My column this week is about the Bee Hummingbird, the smallest hummingbird in the world.It was one of the many star attractions of James Bond's Birds of the West Indies, I saw earlier several this winter on a trip to Cuba with the Caribbean Conservation Trust. With a terrific photo by Kevin Watson. (Thanks, Kevin!)
Had a great time talking about Jim Bond and Caribbean conservation last week -- with a lot about coral reefs, sandy beaches and the fish that Bond collected for science.
The webinar, sponsored by The Nature Conservancy on New Jersey and Montclair Film, also featured Marci Eggers, TNC's deputy director for the Caribbean.
I met him as part of a group of birders who visited Cuba with the Caribbean Conservation Trust.
The biggest reason for my trip was to meet (and later interview) Orlando for my book about ornithologist James Bond of the Academy of Natural Sciences in Philadelphia.
I just came across an album that blends electronic music with the sounds of endangered birds in the Caribbean, Mexico and Central America.
The album's producers write:
"For the album we chose 10 endangered or threatened bird species and challenged 10 of our favorite producers or musicians from the region. Working with the Xeno Canto birdsong community and the Macaulay Library, we sourced a recording of each bird’s song. Each artist was then asked to create an original piece of music inspired by the bird and its song."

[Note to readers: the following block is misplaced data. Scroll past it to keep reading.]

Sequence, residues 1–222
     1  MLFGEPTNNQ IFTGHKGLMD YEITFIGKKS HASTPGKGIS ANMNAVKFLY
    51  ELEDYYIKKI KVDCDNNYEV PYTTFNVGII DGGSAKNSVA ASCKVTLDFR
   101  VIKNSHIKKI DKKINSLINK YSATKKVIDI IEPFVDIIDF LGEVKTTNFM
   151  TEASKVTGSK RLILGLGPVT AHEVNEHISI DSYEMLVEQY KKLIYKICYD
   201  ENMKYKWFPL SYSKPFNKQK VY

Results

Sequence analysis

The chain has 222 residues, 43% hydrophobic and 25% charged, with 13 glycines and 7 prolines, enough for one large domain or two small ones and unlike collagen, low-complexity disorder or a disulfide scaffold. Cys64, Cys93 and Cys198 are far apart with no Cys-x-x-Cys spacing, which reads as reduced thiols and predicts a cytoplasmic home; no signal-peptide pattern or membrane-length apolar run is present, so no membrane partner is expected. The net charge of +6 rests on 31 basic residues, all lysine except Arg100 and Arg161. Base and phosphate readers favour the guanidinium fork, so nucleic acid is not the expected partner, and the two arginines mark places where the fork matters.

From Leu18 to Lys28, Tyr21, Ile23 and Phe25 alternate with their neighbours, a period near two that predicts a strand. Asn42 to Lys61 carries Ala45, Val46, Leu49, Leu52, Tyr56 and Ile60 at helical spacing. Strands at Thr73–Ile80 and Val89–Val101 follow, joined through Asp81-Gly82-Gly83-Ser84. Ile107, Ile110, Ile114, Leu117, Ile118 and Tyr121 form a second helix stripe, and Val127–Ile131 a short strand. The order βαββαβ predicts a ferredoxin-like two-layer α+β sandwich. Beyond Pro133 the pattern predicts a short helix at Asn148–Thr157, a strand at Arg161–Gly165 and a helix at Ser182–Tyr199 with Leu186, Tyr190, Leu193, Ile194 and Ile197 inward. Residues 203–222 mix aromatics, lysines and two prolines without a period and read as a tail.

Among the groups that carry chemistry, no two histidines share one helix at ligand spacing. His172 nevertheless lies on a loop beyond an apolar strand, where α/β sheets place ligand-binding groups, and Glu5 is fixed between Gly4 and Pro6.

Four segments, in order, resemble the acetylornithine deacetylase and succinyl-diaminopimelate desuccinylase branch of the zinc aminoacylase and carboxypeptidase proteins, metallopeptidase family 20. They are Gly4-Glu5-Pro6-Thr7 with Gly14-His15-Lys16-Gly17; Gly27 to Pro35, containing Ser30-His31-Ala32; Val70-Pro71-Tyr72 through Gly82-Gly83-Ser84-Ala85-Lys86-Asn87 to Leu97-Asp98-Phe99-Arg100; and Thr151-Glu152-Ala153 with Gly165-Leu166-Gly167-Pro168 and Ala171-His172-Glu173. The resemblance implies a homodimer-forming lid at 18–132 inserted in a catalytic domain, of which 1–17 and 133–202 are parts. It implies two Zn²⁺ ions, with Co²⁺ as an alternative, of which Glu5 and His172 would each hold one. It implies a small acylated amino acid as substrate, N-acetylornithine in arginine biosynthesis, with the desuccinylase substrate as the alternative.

What's more, 100% of the profits from the album will go to organizations working to protect these birds, including a new favorite of mine, Birds Caribbean.
My favorite is "Black Catbird," by the Garifuna Collective. Reminded me of Belize and the wonderful times I had there.
My guess is the real James Bond would have loved the last song, Ferminia, featuring the call of Cuba's Zapata Wren, a bird near and dear to him.
The writeup to the right is from Bond's 1936 edition of Birds of the West Indies. Note the local name for the wren.
You can learn more about the album here.
The headline above was from an article in The New York Times in the mid-1930s. Bond was a noted ornithologist with a brand-new book, "Birds of the West Indies," by then. (But contrary to the sub-headline) he had no doctoral degree ... )
The introduction to the book went into great detail about the dangers facing the birds of the West Indies -- from humankind to hurricanes.
One of the goals of this book is to raise awareness -- and money -- to help the environment in the Caribbean. To that end, all proceeds from talks and appearances generated by this book will go to The Nature Conservancy's Caribbean initiative.
This one was next to my backyard. Whenever I see one, I think that it's the closest I'll ever come to seeing an Ivory-billed Woodpecker.
The real James Bond admired them so much that he put one on the back cover of the 1947 edition of "The Birds of the West Indies" (below left), even if the chances of seeing one were remote at best. Earl Poole did the illustration.
If you'd like to learn how to pronounce "Pileated," read this.
In the 2002 007 film "Die Another Day," James Bond the secret agent posed as James Bond the ornithologist and even held a copy of one of the later editions of Bond's landmark field guide -- with Bond's name obliterated.
There's a classic scene between Pierce Brosnan's binoculars-toting, mojito-drinking James Bond (below) and Halle Berry's bikini-clad Jinx Johnson. In the scene, set in Cuba, Bond says he's an ornithologist and professes he's there "for the birds."
As a result, the book has become a bit of a collector's item, although the book is often misrepresented in on-line sales.
The actual one is the 1990 Collins U.K. edition, pictured above left.